Century's longest Solar Eclipse

TAREGNA, India (AP) - The longest solar eclipse of the 21st
century created near darkness soon after dawn in a swath of India
stretching from the west coast to the northern plains where
millions gathered in the open to watch.
But millions more shuttered themselves in, gripped by fearful
myths in a country that abounds in Hindu mythology-based
superstitions and fables, one of which says an eclipse is caused
when a dragon-demon swallows the sun.
A thick cloud cover over India that had obscured the sun when
the eclipse began at dawn parted in several cities, minutes before
the total eclipse - caused when the moon covers the sun completely
to cast a shadow on earth - at 6.24 a.m. (0054 GMT).
"We were apprehensive of this cloudy weather but it was still a
unique experience with morning turning into night for more than
three minutes," said Amitabh Pande, a scientist with India's
Science Popularization Association of Communicators and Educators,
after watching the eclipse.
One of the best views of the complete eclipse, shown live on
several television channels, appeared to be in the town of
Varanasi, on the banks of the Ganges river, sacred to devout
Hindus.
Thousands of Hindus took a dip in keeping with the ancient
belief that bathing in the river at Varanasi, especially on special
occasions, cleanses one's sins. The eclipse was seen for 3 minutes
and 48 seconds.
The eclipse - visible only in Asia - will move north and east
from India to Nepal, Myanmar, Bangladesh, Bhutan and China.
Scientists said the Indian village of Taregna would have the
clearest view, where thousands of scientists, nature enthusiasts
and students gathered.
Their party was spoiled by thick clouds and overnight rains, but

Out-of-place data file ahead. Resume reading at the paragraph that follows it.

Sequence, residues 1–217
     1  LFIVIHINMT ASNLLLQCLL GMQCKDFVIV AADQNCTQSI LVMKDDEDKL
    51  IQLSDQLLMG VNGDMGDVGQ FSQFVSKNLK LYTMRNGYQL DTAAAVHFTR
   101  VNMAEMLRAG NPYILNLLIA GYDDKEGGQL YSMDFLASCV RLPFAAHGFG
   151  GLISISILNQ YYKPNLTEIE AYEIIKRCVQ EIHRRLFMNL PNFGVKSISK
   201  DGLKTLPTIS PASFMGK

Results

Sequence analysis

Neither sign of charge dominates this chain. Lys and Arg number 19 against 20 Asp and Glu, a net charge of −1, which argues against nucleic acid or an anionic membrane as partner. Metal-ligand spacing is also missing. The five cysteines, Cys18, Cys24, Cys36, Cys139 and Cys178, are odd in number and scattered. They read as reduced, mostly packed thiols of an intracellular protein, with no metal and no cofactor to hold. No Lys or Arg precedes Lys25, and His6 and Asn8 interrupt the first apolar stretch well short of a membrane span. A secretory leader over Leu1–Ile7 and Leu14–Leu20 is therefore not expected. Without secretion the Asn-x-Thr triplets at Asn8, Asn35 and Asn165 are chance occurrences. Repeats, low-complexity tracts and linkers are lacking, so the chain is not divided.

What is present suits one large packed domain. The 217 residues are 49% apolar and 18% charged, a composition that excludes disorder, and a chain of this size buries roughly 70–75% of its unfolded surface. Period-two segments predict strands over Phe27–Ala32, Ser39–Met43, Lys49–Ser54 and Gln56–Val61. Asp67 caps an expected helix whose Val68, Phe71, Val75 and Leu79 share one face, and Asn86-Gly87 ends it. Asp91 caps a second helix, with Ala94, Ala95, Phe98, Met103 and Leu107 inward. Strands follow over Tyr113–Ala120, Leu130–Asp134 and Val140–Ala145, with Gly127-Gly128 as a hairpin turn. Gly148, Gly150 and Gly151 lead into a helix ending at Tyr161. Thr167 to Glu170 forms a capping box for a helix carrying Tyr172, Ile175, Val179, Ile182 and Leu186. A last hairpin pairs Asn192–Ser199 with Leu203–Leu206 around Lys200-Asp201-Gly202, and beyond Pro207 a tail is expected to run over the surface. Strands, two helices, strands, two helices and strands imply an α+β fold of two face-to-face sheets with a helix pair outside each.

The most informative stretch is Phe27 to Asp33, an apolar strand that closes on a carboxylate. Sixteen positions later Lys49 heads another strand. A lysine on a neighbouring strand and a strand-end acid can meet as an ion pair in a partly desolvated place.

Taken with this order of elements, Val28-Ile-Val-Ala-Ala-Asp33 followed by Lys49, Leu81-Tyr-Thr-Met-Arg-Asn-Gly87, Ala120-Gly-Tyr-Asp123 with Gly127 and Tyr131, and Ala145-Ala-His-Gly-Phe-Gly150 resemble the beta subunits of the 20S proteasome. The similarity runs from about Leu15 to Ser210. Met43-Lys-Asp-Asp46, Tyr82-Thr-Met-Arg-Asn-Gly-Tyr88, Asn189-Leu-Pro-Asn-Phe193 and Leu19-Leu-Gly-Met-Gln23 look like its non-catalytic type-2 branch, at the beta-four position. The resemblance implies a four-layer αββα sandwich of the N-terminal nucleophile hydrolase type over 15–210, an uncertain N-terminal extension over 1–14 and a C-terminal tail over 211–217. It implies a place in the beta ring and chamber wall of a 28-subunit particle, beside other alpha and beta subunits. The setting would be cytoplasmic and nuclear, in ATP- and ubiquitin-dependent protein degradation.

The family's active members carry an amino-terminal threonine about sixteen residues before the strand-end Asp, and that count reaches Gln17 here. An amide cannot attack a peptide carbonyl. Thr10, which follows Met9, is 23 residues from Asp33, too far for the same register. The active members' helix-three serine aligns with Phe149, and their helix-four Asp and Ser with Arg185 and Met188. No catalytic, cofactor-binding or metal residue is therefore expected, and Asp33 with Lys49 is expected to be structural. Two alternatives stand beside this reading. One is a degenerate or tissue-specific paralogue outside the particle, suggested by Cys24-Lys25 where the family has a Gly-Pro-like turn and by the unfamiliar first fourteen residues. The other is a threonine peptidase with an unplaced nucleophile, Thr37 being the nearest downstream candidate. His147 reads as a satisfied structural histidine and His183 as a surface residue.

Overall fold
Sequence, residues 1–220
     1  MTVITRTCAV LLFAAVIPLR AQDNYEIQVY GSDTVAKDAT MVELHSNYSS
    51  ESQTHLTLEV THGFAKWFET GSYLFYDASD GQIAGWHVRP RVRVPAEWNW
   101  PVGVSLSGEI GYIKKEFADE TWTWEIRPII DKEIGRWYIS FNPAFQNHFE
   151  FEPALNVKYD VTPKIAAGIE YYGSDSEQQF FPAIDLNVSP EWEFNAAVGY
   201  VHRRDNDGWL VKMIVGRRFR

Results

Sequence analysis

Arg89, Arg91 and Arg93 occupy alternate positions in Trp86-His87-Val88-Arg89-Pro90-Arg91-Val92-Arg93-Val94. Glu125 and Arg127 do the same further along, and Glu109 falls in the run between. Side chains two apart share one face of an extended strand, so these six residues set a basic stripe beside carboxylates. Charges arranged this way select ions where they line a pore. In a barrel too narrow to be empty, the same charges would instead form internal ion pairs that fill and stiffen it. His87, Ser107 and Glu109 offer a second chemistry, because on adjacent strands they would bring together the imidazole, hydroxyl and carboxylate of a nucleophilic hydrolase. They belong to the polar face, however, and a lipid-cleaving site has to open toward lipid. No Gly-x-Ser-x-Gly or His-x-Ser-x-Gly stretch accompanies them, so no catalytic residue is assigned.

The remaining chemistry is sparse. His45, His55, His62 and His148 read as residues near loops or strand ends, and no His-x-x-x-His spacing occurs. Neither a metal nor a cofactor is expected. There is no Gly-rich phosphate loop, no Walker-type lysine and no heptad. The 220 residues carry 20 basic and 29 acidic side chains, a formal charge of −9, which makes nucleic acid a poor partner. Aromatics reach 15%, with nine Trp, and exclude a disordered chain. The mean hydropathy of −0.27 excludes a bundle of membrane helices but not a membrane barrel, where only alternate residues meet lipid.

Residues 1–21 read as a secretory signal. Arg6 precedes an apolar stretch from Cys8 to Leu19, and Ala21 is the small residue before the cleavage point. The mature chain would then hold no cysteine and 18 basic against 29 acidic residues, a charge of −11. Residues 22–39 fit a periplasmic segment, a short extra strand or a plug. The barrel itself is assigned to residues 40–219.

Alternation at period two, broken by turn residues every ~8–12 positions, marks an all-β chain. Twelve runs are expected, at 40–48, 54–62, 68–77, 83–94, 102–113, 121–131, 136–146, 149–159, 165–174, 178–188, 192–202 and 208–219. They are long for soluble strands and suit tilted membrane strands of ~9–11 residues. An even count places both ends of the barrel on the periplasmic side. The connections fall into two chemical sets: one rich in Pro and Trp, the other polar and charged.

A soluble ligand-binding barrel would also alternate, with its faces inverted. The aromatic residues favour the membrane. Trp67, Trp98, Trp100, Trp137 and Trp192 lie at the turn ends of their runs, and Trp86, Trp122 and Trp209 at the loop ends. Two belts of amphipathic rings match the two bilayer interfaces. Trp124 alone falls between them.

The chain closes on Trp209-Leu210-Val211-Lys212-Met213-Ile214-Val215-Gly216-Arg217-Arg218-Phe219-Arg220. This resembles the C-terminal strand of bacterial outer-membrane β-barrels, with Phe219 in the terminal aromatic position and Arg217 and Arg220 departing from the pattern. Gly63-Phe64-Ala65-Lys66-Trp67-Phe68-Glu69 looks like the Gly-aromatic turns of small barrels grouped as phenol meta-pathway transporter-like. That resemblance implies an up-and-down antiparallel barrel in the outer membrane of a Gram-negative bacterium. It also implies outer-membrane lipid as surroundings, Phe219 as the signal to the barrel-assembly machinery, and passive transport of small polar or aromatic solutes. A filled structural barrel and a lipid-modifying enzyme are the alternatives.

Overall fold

even that was welcome news for the agricultural area which has seen
scant rainfall this monsoon season
"It would have been nice to see the solar eclipse but the rain
is far more important for us," said Ram Naresh Yadav, a farmer.
At its peak, the eclipse lasted 6 minutes and 39 seconds in
other parts of Asia.
It is the longest such eclipse since July 11, 1991, when a total
eclipse lasting 6 minutes, 53 seconds was visible from Hawaii to
South America. There will not be a longer eclipse than Wednesday's
until 2132.
Scientists set up telescopes and other equipment in Taregna a
day in advance to make the most of the window of opportunity
provided by the eclipse.
A 10-member team of scientists from the premier Indian Institute
of Astrophysics in Bangalore and the Indian air force plan to fly
and film the eclipse, an air force press release said.
But millions across India were shunning the sight and planned to
stay indoors.
Even in regions where the eclipse was not visible, pregnant
women were advised to stay indoors in curtained rooms over a belief
that the sun's invisible rays would harm the fetus and the baby
would be born with disfigurations, birthmarks or a congenital
defect.
Krati Jain, a software professional in New Delhi, said she
planned to take a day off from work Wednesday to avoid what she
called "any ill effects of the eclipse on my baby."
"My mother and aunts have called and told me stay in a darkened
room with the curtains closed, lie in bed and chant prayers," said
Jain, 24, who is expecting her first child.
In the northern Indian state of Punjab, authorities ordered
schools to begin an hour late to prevent children from venturing
out and gazing at the sun.
Others saw a business opportunity: one travel agency in India
scheduled a charter flight to watch the eclipse by air, with seats
facing the sun selling at a premium.
Additional police and paramilitary troops were posted around
Patna and Taregna after Maoist rebels called for a strike Wednesday
to protest increases in the price of gas and other essentials.
The rebels, who say they are inspired by Chinese revolutionary
leader Mao Zedong, often target police and government workers.
"Adequate numbers of forces have been deployed at Taregna where
top scientists and researchers are gathering to view the celestial
wonder," said R. Mallar Vizhi, a senior superintendent of police
in Patna.

(Copyright 2009 by The Associated Press. All Rights Reserved.)


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